Zoe wrapped her arms around him, and he buried his nose into her curly brown and black hair. He breathed so deeply he thought some of her tresses might have tickled his lungs. He coughed and made an obvious move toward her rear with his hands. She grabbed his wrists and forced his hands back up to her waist.

“You know,” he said, pressing himself against her playfully. “The Captain gave me an order not to point this thing at him anymore, and I only know one way to get my man parts to stop standing at attention…”

She rolled her head to his shoulder from his chest and then pushed herself away.

“Let’s go have some breakfast,” she said. “If your little man is still at attention after we eat, maybe we’ll talk.”

He smiled impishly. “I love it when you call him a little man. I mean it’s more respectful than ‘little boy’, while also conceding that between the two of us,” he pointed down at his crotch and then to his face for emphasis, “I am the bigger individual.”

“Stop talking,” she said, grabbing him by the shirt and leading him down the metal corridor as the door to their cabin shut behind them.

He chuckled as she let go of his shirt and grabbed his hand. She released it shortly before they arrived in the mess hall. Always the soldier, she would not want to show too much affection in front of the other crew.

Kaylee, the mechanic, plopped a plate down in front of them. Her frazzled red hair hung loosely over her jacket, but she had obviously made some effort to comb it between the engine room and the table.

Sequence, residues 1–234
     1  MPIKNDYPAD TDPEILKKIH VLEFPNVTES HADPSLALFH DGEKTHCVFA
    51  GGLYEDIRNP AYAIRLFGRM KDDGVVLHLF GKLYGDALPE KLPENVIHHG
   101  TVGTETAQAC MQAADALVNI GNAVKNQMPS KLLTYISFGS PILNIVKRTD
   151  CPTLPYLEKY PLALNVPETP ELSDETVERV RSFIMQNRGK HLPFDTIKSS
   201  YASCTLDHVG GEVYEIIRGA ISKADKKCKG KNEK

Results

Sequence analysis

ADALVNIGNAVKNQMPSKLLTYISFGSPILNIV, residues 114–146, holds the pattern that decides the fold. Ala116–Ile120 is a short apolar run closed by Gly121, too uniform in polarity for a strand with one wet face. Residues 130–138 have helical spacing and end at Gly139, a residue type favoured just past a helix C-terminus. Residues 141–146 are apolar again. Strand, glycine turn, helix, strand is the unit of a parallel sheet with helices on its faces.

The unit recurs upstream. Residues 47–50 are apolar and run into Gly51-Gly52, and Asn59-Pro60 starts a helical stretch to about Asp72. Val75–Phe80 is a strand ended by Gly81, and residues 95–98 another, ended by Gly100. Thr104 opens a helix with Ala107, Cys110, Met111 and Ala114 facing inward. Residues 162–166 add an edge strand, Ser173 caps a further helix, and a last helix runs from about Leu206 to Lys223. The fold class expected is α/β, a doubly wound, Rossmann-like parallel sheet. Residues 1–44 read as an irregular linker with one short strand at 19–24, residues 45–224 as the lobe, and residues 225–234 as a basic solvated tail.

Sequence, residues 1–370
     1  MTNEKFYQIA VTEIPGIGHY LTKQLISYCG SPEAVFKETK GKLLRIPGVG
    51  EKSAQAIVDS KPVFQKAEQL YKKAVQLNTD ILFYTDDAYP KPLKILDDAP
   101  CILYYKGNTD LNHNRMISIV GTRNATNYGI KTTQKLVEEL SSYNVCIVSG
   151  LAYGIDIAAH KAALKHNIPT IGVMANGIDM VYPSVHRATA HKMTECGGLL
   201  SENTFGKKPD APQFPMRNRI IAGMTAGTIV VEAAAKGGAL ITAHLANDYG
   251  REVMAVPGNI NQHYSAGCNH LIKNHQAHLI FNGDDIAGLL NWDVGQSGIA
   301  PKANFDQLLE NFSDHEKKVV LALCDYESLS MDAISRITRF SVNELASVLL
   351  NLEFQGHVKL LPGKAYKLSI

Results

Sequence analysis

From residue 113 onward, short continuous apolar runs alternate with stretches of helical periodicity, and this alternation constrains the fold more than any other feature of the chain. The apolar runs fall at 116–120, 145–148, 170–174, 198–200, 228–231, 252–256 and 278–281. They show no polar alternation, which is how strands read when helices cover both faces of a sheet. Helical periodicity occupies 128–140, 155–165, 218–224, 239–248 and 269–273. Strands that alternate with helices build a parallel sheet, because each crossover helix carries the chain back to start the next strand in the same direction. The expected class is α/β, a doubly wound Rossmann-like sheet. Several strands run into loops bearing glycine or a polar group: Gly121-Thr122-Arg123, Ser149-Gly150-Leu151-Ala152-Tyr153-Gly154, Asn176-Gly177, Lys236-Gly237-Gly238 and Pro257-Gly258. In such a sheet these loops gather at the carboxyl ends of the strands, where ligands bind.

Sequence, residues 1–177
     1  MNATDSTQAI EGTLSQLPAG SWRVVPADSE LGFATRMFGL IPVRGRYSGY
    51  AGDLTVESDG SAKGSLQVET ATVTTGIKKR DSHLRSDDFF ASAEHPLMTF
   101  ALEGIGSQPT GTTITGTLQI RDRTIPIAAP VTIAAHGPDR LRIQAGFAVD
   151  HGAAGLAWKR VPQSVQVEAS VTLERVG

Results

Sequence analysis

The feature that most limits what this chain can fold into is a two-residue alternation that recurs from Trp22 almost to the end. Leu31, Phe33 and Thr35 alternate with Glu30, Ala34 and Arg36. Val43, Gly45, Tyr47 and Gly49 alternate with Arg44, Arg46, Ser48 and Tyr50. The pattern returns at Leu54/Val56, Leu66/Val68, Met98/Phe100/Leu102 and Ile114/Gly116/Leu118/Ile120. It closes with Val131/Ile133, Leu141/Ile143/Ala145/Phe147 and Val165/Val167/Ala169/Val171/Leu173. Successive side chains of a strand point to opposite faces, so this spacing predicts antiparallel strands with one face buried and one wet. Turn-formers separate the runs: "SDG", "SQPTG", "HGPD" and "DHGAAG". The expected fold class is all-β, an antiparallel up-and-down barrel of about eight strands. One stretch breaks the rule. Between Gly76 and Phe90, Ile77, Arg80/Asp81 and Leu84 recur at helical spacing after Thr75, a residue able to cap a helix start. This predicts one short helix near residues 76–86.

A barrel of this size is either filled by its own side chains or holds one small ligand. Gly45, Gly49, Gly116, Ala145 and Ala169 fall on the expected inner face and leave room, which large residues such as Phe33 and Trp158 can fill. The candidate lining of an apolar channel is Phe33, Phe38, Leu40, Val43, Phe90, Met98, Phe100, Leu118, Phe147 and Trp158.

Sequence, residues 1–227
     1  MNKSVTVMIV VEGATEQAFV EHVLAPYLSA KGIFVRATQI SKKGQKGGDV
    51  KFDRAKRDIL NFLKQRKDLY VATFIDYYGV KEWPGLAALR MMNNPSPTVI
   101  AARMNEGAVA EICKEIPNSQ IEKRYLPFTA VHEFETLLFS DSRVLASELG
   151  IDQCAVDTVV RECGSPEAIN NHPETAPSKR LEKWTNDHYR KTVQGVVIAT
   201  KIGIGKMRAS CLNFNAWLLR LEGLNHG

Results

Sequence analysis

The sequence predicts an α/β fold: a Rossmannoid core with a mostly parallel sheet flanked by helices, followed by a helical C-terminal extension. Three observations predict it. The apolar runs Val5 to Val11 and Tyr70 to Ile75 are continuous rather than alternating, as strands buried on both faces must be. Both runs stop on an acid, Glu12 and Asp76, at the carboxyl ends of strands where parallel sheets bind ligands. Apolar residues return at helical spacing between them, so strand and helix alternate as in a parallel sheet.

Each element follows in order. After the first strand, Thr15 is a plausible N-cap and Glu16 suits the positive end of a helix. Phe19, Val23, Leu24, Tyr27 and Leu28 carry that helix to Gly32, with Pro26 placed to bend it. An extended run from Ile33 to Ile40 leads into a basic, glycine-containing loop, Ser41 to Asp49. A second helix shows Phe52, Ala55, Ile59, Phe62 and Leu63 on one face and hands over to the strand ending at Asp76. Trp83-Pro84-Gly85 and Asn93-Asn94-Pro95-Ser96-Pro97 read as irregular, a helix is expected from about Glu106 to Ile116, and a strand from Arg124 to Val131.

“Gruel again,” she complained, pointing down at the grayish-green and brown mystery dish in front of her.

River, with her long brown hair, and her doctor brother Simon sat at the other end of the table. River rocked herself gently within her seat, while Simon worried over her. She wore a breezy red dress with a cream cardigan. Simon wore a dark buttoned-up vest over a white shirt and black tie.

“I see she hasn’t lost her crazy,” Wash mumbled as he watched River sway back and forth, her arms around her knees and her feet tucked into her body on the seat.

“What?” Simon asked.

“It’s just great to see everyone up,” he lied. As the doctor eyed him suspiciously, Wash remembered that he had to at least try to come up with something that rhymed with ‘crazy’.

“Thought you might be lazy,” he added. “Today, I mean. Sleeping in.”

“Well,” Simon said. “It’s hard to sleep when people are yelling.”

Wash looked at his wife, who shrugged as she heaped a pile of grayish brown goo onto a plate for her and then another spoonful for him.

“Well,” Wash said, grinning as he sat down. “I married her because she’s a screamer.”